Jon Faine's Conversation Hour featured a debate between growthist Bernard Salt of KPMG and Australian businessman and author, Dick Smith, who argues against growth. The only possibility of commenting was by SMS. There was no phone-in. My own experience of debating population growth on the conversation hour with ex-Premier Steve Bracks was that people later tried to make comments on the internet page associated with that debate, but the page was dysfunctional and quickly fell into total disrepair. I am therefore creating this page in the hope of getting some representation of public opinion on this matter. Comments on these mens' respective books are also welcome.
You can access the debate here, immediately, and here on ABC, eventually.
Hear Dick Smith talk about his book on the Allen Jones show, NSW.
Buy the book, Population Crisis, The Dangers of Unsustainable Growth
for $19.99 here.
Population growth increases costs of retirement - Sheila Newman, Population Sociologist
This is what I wanted to say, and which I finished up emailing to the station under a general heading "Jon Faine Conversation Hour with Salt and Smith."
Bernard Salt's main argument is that we will need more young workers to pay for the retirement of elderly baby boomers. He overlooks the fact that population growth makes us uncompetitive because most of our labour goes into paying for the rising cost of land in the form of high rents and huge mortgages. Without these rising costs people would need very little money in retirement and young people would not have to work so hard and would be easily able to purchase or inherit housing. I think that Bernard Salt's policies are dangerously anti-social, anti-democratic and promote an unsustainable economy.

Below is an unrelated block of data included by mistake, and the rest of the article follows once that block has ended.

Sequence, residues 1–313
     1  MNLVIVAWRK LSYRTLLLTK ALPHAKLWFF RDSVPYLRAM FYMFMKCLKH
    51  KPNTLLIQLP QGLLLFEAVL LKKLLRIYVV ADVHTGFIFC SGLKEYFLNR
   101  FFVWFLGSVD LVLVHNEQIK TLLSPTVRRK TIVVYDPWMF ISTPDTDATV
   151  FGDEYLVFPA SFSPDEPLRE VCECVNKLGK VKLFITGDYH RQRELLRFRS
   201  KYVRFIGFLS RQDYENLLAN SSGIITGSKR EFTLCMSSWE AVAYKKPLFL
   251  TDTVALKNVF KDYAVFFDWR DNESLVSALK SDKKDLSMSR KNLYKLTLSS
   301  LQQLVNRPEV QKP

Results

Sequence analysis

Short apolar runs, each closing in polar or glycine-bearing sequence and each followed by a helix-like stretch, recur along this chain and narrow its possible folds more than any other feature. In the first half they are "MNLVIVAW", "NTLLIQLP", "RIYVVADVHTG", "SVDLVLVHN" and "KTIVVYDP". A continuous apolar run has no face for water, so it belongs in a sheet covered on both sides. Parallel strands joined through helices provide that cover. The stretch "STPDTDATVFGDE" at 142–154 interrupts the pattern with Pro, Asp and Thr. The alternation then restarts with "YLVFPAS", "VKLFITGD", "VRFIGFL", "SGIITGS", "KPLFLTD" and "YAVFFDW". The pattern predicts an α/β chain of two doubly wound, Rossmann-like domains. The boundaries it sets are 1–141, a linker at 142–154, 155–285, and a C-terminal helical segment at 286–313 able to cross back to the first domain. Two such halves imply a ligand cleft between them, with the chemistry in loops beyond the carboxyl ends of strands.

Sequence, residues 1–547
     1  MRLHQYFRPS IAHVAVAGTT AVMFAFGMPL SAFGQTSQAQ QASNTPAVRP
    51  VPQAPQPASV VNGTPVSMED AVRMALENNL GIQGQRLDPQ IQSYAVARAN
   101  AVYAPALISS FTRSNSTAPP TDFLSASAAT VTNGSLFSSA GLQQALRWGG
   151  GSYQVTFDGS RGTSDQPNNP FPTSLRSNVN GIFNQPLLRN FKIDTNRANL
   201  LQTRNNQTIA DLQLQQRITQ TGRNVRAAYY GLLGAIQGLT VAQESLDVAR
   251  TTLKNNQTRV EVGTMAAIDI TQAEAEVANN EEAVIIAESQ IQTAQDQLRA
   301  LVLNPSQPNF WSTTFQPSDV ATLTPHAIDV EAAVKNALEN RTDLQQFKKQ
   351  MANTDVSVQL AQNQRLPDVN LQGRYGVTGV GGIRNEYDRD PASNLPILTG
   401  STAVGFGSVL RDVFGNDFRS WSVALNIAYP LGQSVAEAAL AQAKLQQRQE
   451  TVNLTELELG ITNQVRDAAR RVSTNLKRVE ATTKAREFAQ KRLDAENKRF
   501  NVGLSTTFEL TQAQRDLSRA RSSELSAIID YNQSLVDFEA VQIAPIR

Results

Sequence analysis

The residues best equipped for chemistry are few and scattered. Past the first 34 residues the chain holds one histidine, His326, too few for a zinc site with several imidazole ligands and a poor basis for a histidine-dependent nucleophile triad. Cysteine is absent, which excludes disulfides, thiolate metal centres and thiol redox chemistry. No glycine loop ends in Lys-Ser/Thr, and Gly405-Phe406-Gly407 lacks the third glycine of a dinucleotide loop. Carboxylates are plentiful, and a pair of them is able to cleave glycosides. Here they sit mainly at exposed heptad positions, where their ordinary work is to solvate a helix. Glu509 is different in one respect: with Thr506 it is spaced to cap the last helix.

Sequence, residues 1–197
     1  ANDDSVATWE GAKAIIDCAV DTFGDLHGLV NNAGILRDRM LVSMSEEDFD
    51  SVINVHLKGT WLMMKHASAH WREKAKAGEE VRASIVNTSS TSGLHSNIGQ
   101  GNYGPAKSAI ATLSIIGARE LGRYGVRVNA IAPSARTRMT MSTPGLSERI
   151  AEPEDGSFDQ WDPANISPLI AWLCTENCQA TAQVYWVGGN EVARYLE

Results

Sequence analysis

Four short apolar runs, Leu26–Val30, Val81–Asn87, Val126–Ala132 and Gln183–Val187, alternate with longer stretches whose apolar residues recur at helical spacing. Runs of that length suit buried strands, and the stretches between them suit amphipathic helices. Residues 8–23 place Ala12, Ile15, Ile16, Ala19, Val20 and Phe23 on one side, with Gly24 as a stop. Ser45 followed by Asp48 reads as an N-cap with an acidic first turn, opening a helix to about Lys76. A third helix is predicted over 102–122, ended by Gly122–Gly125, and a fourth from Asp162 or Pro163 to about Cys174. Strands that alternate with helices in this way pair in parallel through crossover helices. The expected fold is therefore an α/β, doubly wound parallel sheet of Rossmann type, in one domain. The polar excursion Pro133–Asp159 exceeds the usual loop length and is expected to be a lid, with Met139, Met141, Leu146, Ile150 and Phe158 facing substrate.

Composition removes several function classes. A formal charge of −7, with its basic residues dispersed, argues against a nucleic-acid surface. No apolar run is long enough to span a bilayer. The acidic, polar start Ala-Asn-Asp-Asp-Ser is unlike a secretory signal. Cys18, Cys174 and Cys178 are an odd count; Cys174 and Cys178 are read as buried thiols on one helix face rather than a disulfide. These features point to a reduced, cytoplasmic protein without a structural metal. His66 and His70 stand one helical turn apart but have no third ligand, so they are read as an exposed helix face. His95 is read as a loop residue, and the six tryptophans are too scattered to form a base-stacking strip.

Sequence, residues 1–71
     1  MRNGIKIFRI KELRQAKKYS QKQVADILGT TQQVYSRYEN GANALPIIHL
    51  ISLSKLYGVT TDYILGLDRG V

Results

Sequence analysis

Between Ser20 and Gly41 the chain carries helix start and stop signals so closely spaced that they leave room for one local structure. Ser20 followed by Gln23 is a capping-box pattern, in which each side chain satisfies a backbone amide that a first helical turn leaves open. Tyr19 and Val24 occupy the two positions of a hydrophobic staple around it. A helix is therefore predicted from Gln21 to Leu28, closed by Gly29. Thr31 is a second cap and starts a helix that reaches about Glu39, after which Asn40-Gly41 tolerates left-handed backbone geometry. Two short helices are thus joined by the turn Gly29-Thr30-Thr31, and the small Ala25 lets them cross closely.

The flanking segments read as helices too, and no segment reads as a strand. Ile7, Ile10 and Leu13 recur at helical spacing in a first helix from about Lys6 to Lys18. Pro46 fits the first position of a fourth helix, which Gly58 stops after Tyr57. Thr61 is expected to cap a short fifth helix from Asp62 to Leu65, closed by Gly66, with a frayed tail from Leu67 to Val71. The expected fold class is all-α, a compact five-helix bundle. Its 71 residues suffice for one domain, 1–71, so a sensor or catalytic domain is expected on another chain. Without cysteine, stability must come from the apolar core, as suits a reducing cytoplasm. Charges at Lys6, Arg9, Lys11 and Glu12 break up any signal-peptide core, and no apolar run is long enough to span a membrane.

Here, by the way, is the link for the debate I had in April 2010 with Steve Bracks, when the phones went absolutely wild - as Jon Faine commented excitedly - yet the web-site for comments was not viable. (I retested it recently and it was still not working. Potentially thousands of comments were prevented.) In this most recent debate on a subject marketed with pro-growth bias by all the mainstream media, phone-ins were simply not possible. Will there be a page for comments?